Wednesday, October 19, 2011

When Are Words Not Enough?

When it comes to writers and publishers, wEnvy (in our day of eBooks and pBooks), is an ongoing debate. wEnvy is word count envy. How many is enough? My book is bigger than your book! When is a word count a book or is it just a longer short story? In my Fiction Writers Guild discussion group on LinkedIn, this has become an interesting discussion. By your word count you will be defined.

Within the four generalized categories of fiction, short story (under about 8,000 words), novelette (under 18,000 words), novella (under 40,000 words) and novel (over 40,000 words), it is important to remember that size does matter. But the bottom line is simple, how many words does it take to tell the story?
  • The Cat and the Hat - 225 words (Seuss won a bet from Bennett Cerf on this one)
  • Atlas Shrugged – 561,996 words (Rand had a lot to say – count is debated, like her)
  • Lord of the Rings – 561,792 words (and yes, I did not count them myself)
  • War and Peace - 580,000 words (depending on translation and royal titles)
  • A la recherch√© du temps perdu (Proust) – 1,500,000 (depending again on translation and patience)
It seems, according to Wikipedia, the French own the four top spots – and these are multi-volume tomes. When is 2 million words in French enough?

When is enough, enough? It’s hard to say. Often one lesson given in writer’s workshops is to write a piece, then continue to cut and edit words until the essence left. I suggest that sometimes adverbs and adjectives are needed, sometimes they are not. But to cut all the flesh from the bone, leaves nothing but bone.

In the O’Mara Chronicles I intentional structure the books to be about 70,000 words, broken into 15 chapters, each chapter split into 3 subchapters (with variations). These are units that allow me write each subchapter at one sitting - usually. But in Elk River, the word count is 113,000 words – was that enough, I will let the reader decide.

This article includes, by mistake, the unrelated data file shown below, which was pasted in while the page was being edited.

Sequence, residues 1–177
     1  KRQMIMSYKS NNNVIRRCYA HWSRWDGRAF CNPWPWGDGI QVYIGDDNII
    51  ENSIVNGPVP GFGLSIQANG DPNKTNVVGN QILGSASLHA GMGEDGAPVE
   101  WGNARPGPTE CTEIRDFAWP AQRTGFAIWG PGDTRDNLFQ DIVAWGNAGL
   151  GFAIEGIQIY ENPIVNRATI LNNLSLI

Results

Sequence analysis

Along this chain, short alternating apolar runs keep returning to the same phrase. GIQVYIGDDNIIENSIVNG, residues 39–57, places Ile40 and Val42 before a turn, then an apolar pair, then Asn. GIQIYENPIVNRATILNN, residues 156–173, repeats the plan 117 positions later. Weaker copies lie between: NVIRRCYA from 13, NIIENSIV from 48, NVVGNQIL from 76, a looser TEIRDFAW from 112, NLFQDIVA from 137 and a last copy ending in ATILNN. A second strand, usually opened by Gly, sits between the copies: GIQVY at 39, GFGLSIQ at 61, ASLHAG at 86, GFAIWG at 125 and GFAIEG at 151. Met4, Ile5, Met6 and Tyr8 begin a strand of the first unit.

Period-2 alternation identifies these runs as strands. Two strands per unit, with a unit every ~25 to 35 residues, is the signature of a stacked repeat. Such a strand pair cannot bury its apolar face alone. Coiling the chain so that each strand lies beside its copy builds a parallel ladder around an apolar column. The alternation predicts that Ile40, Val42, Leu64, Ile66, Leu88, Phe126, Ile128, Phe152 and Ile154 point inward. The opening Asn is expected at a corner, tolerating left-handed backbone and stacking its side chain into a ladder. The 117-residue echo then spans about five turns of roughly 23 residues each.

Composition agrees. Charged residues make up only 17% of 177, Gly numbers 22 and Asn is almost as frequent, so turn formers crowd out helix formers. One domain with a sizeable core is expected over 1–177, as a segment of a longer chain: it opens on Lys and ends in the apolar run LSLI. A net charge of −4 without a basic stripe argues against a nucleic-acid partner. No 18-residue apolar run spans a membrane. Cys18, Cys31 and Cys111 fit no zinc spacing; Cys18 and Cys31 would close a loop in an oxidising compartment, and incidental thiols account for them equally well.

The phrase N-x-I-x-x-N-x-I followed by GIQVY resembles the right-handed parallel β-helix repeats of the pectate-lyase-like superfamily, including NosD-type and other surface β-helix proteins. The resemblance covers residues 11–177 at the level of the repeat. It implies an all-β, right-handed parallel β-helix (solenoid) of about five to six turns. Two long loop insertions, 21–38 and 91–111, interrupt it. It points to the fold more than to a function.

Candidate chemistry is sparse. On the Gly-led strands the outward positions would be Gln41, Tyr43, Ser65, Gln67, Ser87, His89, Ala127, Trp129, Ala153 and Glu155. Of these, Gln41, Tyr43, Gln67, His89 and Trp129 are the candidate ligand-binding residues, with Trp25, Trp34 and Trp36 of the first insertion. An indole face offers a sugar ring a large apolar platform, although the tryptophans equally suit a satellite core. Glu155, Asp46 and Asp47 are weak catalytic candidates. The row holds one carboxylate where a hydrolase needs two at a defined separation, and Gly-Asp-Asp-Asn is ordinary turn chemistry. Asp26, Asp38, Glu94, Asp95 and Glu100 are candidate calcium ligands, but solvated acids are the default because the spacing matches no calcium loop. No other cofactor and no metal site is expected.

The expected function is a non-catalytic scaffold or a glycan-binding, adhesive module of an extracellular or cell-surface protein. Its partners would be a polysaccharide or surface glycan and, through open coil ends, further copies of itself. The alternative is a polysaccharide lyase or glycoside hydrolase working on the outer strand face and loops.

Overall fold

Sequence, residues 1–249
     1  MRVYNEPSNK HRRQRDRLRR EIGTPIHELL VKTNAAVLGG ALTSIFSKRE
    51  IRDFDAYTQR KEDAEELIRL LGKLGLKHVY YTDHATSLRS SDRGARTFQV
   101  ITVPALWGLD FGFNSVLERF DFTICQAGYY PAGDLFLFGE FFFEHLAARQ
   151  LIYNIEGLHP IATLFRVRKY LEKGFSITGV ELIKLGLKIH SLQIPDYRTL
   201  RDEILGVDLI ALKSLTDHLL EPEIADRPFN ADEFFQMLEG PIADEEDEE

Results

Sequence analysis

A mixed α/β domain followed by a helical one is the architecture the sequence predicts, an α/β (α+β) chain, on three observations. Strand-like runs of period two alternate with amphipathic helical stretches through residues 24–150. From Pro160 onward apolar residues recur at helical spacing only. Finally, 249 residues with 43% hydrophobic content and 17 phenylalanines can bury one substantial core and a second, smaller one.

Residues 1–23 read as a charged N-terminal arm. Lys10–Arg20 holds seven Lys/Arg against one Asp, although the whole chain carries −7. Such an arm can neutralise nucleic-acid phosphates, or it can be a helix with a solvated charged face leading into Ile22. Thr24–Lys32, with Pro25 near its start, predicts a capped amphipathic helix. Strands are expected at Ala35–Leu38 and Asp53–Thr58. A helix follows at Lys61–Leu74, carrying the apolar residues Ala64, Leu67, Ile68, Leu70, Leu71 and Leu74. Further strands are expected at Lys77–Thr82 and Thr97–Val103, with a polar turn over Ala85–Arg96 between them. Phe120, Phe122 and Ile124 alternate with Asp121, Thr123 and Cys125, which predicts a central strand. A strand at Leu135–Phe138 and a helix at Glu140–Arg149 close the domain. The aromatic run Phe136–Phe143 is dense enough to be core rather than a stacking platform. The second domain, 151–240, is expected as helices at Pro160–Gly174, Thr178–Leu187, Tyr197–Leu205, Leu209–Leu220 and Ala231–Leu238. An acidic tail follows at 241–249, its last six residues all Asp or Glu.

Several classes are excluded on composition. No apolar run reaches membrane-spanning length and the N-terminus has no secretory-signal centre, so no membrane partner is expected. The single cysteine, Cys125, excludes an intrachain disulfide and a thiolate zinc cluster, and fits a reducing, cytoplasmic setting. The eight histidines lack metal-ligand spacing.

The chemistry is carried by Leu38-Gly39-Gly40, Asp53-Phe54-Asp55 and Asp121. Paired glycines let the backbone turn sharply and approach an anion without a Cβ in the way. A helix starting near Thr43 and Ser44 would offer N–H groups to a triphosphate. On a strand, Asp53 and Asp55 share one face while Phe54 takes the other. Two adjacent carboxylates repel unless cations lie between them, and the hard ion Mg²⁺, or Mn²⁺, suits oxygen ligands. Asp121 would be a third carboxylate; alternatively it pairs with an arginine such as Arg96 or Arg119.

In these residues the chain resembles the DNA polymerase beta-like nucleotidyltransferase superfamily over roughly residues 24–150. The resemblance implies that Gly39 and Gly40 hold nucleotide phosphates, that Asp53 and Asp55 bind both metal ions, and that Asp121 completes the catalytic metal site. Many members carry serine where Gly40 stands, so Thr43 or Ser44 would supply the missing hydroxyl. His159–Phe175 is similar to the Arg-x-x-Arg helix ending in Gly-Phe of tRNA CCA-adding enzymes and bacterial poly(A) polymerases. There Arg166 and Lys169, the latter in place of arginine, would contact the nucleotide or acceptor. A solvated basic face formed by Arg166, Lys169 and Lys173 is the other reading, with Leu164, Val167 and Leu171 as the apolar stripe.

Word count – smurd count. Each genre has its own expectations on word count and the parallel issue of page count. Want more pages? Write more words or print in bigger type fonts – simple. But the experienced reader knows the heft of their favorite stories, whether science fiction or romance. How many words does Buffy need to slay all the vampires (I think usually too many – but that’s just me)? Mary Shelly’s Frankenstein is 74,880 words, Anne Rice’s Interview with the Vampire is 340 pages and over 130,000 words, which one do you prefer?

A writer needs to tell their story, the reader will either enjoy it or reject it. Or worse, close the book and not finish. The writer must keep the reader engaged and interested: Will the girl get the guy? Hell, will the guy get the guy? Will the vampire suck everyone dry – if then, what will he do – blood bank? Will John Galt be identified or will those evil mindless bureaucrats actually win? Will the Cat and the Hat come back? The correct number of words will tell us.

More later . . . .

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